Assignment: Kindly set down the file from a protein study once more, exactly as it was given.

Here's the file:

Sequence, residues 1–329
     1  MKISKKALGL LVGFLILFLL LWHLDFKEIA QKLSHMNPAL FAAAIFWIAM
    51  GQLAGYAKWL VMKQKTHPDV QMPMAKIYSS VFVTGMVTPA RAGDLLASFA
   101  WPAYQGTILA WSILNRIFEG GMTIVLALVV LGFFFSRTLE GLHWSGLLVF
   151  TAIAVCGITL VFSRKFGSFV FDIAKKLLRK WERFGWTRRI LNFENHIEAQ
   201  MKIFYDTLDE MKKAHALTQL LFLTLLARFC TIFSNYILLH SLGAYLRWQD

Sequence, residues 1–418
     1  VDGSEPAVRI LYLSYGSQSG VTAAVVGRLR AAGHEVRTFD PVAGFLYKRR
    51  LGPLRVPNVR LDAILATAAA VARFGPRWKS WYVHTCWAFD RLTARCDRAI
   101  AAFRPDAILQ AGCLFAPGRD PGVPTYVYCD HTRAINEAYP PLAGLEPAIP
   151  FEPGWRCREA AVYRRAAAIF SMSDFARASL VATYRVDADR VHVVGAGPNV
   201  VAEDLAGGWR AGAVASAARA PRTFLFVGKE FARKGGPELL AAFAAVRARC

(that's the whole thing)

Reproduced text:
Sequence, residues 1–329
     1  MKISKKALGL LVGFLILFLL LWHLDFKEIA QKLSHMNPAL FAAAIFWIAM
    51  GQLAGYAKWL VMKQKTHPDV QMPMAKIYSS VFVTGMVTPA RAGDLLASFA
   101  WPAYQGTILA WSILNRIFEG GMTIVLALVV LGFFFSRTLE GLHWSGLLVF
   151  TAIAVCGITL VFSRKFGSFV FDIAKKLLRK WERFGWTRRI LNFENHIEAQ
   201  MKIFYDTLDE MKKAHALTQL LFLTLLARFC TIFSNYILLH SLGAYLRWQD

Sequence, residues 1–418
     1  VDGSEPAVRI LYLSYGSQSG VTAAVVGRLR AAGHEVRTFD PVAGFLYKRR
    51  LGPLRVPNVR LDAILATAAA VARFGPRWKS WYVHTCWAFD RLTARCDRAI
   101  AAFRPDAILQ AGCLFAPGRD PGVPTYVYCD HTRAINEAYP PLAGLEPAIP
   151  FEPGWRCREA AVYRRAAAIF SMSDFARASL VATYRVDADR VHVVGAGPNV
   201  VAEDLAGGWR AGAVASAARA PRTFLFVGKE FARKGGPELL AAFAAVRARC